Can this census be saved?

It appears that, having crashed last night with only about 10 per cent of households having submitted data, the Census website is now off the air indefinitely. It’s hard for me to see how this exercise can be salvaged. Almost certainly, lots of people who tried and failed to fill in their forms last night will be unwilling to do so again, especially in the absence of any coherent explanation for the failure. It’s looking increasingly as if the only option will be to give up and try again in five years time. Coincidentally or not, a ten-yearly census was exactly what the leadership of ABS was suggesting a couple of years ago.

This fiasco seems to have “reform” written all over it, from the new entrepreneurial leadership of ABS to the contracting out of vital functions to the benign/malign neglect displayed by the Abbott-Turnbull government. Peter Martin is very good on this, as is Chris Graham at New Matilda.

71 thoughts on “Can this census be saved?

  1. @Ikonoclast

    It isn’t just IBM that has a “…a long history of massive, egregious IT implementation failures.”, Ikono, it’s just about everybody.

    You see, the reason we don’t learn from the mistakes of history is that mostly we weren’t around when the mistakes were made (and understood – Root Cause Analysis, anybody ?).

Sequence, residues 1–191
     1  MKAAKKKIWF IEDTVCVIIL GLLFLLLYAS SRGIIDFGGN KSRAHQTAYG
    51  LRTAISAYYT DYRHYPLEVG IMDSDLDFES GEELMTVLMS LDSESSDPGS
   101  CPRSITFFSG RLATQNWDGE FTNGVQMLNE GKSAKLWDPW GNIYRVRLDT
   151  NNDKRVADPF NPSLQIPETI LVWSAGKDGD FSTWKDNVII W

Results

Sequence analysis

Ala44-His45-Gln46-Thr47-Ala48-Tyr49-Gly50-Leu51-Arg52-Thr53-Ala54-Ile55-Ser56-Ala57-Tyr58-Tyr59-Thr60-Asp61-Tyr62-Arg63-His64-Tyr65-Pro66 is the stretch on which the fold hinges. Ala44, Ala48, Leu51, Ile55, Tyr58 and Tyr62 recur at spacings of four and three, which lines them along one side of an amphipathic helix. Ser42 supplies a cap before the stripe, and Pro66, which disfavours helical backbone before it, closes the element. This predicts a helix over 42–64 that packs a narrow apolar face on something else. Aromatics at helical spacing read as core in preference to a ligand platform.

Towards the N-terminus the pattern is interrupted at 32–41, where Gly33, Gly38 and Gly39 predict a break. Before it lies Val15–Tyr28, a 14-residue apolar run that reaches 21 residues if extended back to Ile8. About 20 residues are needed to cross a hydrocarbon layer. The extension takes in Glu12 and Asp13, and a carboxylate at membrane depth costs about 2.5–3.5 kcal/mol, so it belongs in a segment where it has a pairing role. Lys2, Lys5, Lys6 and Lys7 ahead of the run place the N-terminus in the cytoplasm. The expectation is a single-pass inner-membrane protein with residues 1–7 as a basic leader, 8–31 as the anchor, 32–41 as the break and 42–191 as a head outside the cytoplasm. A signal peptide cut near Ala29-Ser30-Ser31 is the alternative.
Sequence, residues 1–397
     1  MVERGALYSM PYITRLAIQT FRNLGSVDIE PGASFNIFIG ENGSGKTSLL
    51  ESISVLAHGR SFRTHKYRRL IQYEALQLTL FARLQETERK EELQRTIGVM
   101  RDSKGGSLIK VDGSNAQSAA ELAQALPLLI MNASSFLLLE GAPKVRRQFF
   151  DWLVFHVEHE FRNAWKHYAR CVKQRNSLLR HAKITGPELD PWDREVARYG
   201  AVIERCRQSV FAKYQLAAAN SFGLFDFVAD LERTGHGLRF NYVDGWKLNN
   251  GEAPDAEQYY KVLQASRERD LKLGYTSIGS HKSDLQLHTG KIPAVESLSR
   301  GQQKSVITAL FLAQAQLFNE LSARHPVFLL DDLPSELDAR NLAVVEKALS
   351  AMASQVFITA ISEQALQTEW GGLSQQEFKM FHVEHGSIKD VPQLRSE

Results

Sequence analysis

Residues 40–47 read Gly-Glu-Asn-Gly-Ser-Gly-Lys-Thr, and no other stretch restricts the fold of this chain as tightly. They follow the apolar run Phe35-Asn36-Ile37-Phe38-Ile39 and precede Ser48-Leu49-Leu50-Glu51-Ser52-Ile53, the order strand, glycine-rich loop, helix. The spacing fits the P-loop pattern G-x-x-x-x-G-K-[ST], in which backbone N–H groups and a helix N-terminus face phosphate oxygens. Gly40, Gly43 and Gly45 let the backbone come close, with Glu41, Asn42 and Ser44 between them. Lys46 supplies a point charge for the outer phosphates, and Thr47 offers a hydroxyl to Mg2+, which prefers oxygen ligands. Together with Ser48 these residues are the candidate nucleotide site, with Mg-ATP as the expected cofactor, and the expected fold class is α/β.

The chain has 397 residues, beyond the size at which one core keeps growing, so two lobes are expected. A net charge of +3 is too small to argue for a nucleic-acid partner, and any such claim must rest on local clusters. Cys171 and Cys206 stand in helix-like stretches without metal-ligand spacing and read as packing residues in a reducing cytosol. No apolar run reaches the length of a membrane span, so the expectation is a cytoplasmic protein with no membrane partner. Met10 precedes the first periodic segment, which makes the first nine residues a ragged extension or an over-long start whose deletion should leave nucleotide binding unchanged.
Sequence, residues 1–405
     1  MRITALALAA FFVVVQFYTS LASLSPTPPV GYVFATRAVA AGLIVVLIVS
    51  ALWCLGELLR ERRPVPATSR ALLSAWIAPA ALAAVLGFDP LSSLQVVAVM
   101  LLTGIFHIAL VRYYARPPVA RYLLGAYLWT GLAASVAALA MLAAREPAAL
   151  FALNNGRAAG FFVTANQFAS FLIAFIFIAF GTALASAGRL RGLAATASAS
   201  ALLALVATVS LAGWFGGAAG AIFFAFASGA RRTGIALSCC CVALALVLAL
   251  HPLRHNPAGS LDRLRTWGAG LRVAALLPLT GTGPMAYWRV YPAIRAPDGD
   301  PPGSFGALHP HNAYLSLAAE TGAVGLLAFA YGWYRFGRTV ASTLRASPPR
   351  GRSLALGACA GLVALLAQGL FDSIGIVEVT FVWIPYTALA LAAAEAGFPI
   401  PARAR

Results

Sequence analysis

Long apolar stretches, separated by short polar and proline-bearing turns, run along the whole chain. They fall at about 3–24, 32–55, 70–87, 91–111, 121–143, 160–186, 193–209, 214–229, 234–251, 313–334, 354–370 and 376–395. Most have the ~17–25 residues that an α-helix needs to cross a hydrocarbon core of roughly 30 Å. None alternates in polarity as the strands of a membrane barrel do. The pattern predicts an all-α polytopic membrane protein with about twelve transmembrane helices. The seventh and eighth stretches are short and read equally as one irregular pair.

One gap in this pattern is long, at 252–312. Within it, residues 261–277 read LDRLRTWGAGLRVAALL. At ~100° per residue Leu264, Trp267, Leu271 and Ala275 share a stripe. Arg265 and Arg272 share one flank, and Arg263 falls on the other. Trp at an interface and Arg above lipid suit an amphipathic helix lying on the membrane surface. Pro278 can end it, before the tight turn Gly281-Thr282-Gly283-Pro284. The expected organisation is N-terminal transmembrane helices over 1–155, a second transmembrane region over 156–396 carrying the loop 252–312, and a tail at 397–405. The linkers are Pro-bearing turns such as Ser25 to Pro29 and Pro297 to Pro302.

But for the very few who were, I have just one word: Mandata 1973 (oh alright, one word plus one number). By the way, how’s your experience with Gantt Charts, PERT Charts and Critical Path Analysis ? Anybody ?

  2. I am one of the few who seemingly were able to complete the forms online, submit and receive an emailed receipt, before all the problems occurred. What struck me was the continuing banality and superficiality of the questions, with nothing innovative compared with previous Censes. Questions about weekly income with no corresponding questions about assets and wealth, for example, can give no meaningful data about the distribution and scale of wealth. The data generated by this exercise are really very limited from the perspective of public policy. ABS gets better data for housing and social policy purposes, for example, through surveys, which can be completed more quickly and more often, and which deliver usable data in a shorter time frame. Better perhaps to spend the Census millions on even better surveys, with a less-frequent attempt at a full count for bench-marking purposes.

  3. GrueBleen,

    We learned to reliably build skyscrapers, dams, bridges, ships, passenger aircraft etc. very well once they become mature technologies. There are relatively few catastrophic failures of these projects in developed nations. Yet we have failed to bring to maturity the techniques of implementing large scale computer systems. They fail time after time. As you say “it’s just about everybody”. I wonder why this is?